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Tenant's liability amended

10 Jul 2017

The Residential Tenancies Amendment Bill currently before Parliament seeks to address issues with the original legislation such as liability for damage to rental premises caused by a tenant.

The Bill deems the landlord liable where damage results from a careless act by a tenant, but stipulates the tenant will need to pay the excess on the landlord’s insurance.

While most landlord policy excesses are around $400, the tenant’s liability will be capped at four weeks’ rent for each incident of damage caused by carelessness.

The Bill’s Regulatory Impact Statement (RIS) says for 25% of renters nationwide, payment will be capped at more than $1,996, for 50% of renters: between $1,116 and $1,996, and for 25% of renters: less than $1,116.

Tenants will remain fully liable if they damage a property deliberately or through a criminal act. Meanwhile landlords will remain liable for fair wear and tear and damage beyond the control of the tenants, like a natural disaster.

Insurance companies will also be prevented from using their right of subrogation to pursue tenants for causing damage.

Building and Construction Minister Nick Smith has addressed this issue of liability, as a 2016 Court of Appeal decision in the Holler vs Osaki case put the onus on landlords to pay for damage caused by a tenant’s carelessness or negligence.

The ruling was seen as a game-changer for insurers and was met with much opposition from landlords.

Smith says the settings under the Bill “strike a balance between incentivising tenants to take reasonable care of the premises they rent, and protecting tenants from very high cost and risk.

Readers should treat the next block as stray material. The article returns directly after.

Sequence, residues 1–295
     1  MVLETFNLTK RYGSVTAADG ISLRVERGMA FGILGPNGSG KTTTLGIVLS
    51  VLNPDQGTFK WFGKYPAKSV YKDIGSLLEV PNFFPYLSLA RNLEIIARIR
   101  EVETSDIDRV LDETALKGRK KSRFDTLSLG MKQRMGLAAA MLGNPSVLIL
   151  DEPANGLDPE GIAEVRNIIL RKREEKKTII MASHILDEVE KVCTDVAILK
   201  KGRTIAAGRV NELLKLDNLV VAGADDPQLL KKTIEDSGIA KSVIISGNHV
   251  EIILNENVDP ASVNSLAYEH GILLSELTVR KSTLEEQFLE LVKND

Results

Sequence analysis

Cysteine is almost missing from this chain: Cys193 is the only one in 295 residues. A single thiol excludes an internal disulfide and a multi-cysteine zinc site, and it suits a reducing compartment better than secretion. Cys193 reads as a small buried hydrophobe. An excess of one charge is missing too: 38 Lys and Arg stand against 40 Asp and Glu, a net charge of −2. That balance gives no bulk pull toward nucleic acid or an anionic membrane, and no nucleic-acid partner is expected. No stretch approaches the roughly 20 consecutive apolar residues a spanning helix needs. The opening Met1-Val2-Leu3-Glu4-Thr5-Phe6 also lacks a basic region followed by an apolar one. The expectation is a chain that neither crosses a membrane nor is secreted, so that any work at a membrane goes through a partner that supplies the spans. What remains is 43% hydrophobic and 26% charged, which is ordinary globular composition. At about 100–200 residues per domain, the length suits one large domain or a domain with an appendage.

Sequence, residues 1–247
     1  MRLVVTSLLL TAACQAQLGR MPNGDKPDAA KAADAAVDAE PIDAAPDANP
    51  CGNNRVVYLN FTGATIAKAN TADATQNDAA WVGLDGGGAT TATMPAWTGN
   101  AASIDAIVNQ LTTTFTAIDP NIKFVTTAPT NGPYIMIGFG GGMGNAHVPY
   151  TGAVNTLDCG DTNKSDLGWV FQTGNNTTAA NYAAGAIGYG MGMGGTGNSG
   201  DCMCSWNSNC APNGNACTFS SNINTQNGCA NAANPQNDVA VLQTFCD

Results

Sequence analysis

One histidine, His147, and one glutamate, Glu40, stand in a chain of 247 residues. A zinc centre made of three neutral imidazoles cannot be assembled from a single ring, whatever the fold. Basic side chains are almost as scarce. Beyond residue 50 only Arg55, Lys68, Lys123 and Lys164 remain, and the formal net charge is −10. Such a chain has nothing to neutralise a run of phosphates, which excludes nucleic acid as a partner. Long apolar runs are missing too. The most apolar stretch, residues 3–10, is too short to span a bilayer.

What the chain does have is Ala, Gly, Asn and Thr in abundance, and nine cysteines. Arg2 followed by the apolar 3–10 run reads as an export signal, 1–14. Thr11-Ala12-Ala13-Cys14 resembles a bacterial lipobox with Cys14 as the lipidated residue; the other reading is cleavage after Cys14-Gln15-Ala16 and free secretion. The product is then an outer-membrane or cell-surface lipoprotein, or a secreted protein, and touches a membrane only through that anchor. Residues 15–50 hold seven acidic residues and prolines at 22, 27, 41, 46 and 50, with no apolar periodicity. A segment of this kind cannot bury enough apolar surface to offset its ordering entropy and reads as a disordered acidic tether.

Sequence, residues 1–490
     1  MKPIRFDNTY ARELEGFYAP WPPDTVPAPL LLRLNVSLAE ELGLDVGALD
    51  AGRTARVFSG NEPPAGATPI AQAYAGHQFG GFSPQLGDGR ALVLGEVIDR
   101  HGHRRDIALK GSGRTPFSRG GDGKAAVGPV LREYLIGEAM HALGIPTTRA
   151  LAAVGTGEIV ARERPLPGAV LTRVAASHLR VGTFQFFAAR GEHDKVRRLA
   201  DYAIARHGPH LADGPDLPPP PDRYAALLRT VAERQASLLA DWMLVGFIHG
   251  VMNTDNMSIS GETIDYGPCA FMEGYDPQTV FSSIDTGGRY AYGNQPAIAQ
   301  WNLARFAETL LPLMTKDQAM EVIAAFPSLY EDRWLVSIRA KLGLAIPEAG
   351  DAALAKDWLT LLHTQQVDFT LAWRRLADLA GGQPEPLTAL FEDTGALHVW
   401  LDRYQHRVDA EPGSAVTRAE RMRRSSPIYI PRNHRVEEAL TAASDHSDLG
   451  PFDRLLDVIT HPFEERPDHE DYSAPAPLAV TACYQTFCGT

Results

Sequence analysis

“The Bill also encourages cost efficient insurance arrangements, which will reduce disputes, litigation and the potential for double up of insurance arrangements.”

However the RIS says: “An unintended consequence could be that insurers increase premiums for landlords which are passed on to tenants in the form of rent increases (anticipating more claims from landlords in general).”

The Insurance Council of New Zealand (ICNZ) has warned this could be the case, the RIS explaining: “ICNZ prefers an unlimited cap on liability because it considers that without an effective incentive on tenants to take care of their landlord’s property, the incidence and cost of tenant damage is likely to rise over time.”

Furthermore, the RIS points out: “Landlords could increase insurance excesses to the level of four weeks’ rent to limit their risk, but not pass on savings to tenant in terms of rent reductions.

“This is mitigated by the need for landlords to disclose their insurance arrangements to the tenant at the beginning of the tenancy and during the tenancy if there were changes to the policy.”



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